Carlos Alcaraz was beaten in three sets by Alexander Zverev on Monday as the world No 2 started his ATP Finals campaign in disappointing fashion.
Alcaraz, making his debut at the season-ending event, took the first set after a tiebreak in Turin but seventh seed Zverev fought back to level the scores before going on to seal a 6-7, 6-3, 6-4 win.
The Spaniard went into the match already knowing there would be no chance of overhauling Novak Djokovic as world No 1 before the end of the year after the Serbian defeated Holger Rune on Sunday.
Alcaraz was knocked out of the Paris Masters by Russian qualifier Roman Safiullin in his first game back from injury having not played since the Shanghai Masters in early October due to lower back and left foot problems.
Two-time winner Zverev is tough opposition on hard courts like the one at the Pala Alpitour and made full use of his height and power to see off Alcaraz in a Red Group that also includes Daniil Medvedev and Andrey Rublev, who face off later on Monday.
“My serve helped me a lot. Saving the break point in the first game of the second set helped me,” Zverev said. “You don't want to go down a set and a break against the world No 2, so I am happy.”
The German – who was champion in 2018 and 2021 – missed last year’s event after suffering a serious right ankle injury during his French Open semi-final against Rafael Nadal at Roland Garros.
And a packed crowd in Italy might have feared the worst when Zverev began to walk gingerly between points after falling on his left ankle.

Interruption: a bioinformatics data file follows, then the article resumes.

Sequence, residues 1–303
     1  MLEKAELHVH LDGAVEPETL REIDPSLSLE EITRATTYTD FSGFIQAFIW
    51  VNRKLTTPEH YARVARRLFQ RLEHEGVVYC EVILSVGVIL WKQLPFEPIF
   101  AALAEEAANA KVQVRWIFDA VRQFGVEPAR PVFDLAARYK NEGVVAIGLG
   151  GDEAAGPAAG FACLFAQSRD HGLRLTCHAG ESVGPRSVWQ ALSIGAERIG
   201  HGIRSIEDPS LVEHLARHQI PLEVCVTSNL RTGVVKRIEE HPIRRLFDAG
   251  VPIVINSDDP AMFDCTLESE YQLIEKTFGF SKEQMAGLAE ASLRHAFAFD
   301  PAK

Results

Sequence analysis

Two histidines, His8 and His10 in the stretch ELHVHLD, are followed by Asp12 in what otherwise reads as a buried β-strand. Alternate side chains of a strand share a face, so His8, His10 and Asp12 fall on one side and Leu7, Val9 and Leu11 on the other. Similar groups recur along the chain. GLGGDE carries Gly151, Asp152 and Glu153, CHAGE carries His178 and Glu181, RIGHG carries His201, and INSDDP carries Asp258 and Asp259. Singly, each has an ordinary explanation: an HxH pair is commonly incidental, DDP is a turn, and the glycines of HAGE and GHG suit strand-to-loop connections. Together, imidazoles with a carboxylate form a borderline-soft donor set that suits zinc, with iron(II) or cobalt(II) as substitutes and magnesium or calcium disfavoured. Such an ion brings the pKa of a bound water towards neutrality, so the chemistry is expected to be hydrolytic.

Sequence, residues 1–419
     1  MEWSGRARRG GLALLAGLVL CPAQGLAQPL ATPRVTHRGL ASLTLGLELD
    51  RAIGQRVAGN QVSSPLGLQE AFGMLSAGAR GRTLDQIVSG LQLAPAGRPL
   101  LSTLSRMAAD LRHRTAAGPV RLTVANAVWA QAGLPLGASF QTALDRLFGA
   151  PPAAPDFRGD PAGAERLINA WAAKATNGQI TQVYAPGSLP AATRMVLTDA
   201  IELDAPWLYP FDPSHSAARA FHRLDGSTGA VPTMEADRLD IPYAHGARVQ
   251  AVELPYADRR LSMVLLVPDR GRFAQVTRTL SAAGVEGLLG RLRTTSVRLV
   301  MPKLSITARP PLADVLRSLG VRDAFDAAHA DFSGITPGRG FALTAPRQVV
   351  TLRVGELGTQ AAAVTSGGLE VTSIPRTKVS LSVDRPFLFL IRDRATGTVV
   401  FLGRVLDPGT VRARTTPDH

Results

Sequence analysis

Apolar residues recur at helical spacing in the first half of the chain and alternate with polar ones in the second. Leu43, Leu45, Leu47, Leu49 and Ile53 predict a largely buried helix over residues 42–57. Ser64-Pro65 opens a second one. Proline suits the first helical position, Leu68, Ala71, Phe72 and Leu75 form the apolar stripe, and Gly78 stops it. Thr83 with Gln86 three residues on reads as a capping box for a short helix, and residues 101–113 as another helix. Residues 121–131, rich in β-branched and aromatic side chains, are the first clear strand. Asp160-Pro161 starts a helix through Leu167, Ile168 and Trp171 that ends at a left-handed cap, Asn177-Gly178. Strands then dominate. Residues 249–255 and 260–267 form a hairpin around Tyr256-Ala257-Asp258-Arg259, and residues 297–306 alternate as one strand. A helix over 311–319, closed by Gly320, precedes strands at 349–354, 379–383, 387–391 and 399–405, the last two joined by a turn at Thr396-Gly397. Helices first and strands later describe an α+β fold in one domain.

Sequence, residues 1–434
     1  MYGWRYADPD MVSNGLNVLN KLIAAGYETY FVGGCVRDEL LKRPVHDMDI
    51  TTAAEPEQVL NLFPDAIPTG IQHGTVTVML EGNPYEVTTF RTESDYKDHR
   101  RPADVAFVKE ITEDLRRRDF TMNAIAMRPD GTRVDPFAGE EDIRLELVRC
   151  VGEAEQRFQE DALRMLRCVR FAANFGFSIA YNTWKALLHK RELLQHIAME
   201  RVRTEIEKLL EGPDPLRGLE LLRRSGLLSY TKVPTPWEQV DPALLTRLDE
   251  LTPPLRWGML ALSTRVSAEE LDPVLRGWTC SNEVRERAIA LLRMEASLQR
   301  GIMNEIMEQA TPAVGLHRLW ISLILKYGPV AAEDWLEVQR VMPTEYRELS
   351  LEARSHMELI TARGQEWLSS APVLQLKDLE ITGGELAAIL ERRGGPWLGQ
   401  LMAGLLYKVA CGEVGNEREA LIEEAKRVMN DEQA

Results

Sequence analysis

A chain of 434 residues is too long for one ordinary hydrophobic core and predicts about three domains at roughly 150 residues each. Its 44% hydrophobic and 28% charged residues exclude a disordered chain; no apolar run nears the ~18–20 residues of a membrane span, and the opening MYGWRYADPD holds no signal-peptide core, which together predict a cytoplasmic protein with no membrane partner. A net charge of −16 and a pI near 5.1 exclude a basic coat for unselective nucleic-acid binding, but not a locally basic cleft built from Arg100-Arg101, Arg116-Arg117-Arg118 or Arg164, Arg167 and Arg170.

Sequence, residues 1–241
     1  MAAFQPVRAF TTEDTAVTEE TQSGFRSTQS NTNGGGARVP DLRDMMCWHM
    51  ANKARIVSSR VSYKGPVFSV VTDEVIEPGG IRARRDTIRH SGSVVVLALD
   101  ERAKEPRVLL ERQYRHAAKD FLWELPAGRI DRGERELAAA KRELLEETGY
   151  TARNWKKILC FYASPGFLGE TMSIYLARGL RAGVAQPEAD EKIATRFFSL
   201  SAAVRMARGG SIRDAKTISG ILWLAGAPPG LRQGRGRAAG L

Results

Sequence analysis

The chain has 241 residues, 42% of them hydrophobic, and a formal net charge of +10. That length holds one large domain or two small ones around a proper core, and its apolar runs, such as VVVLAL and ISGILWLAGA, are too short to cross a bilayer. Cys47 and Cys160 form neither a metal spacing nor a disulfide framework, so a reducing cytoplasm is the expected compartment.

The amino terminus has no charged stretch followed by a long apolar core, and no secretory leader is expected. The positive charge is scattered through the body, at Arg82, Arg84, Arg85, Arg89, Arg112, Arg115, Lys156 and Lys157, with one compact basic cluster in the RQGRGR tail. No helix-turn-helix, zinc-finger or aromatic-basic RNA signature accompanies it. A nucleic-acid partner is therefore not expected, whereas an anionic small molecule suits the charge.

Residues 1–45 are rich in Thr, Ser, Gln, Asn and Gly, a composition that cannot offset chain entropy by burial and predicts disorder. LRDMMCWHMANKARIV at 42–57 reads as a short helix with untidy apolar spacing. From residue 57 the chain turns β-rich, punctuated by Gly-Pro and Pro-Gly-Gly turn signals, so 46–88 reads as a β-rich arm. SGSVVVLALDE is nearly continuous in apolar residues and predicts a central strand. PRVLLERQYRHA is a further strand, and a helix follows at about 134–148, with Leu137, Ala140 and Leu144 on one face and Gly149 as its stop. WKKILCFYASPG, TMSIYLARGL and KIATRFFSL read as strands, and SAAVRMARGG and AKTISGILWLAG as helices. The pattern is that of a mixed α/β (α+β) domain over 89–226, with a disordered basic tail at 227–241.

“I didn't twist my ankle. I kind of slipped. There was a pain for a while and I don't think any damage has been done,” Zverev said of his fall. “I hope not and we will see when it settles down. It is nothing comparable to Paris.”
Alcaraz can still hope to advance from the round-robin format, with the top two finishers in each four-man group reaching the semi-finals.
Before Zverev's win, Djokovic was presented with the trophy for finishing the season as top-ranked player, a position he secured after winning his thrilling Green Group opener with Rune in a match that lasted more than three hours.
Djokovic is red-hot favourite to claim his seventh Finals title, which would put him out on his own as the record winner, one ahead of retired great and old rival Roger Federer.
“It's obviously the crown of the season, finishing the year as number one in the world I think is a dream of every tennis player, it's one of the most difficult things to do in our sport,” said Djokovic on court.
“Winning Grand Slams and being number one in the world are probably the pinnacles of the sport. It's been a very long year for all the players and to be able to stand here is a blessing.”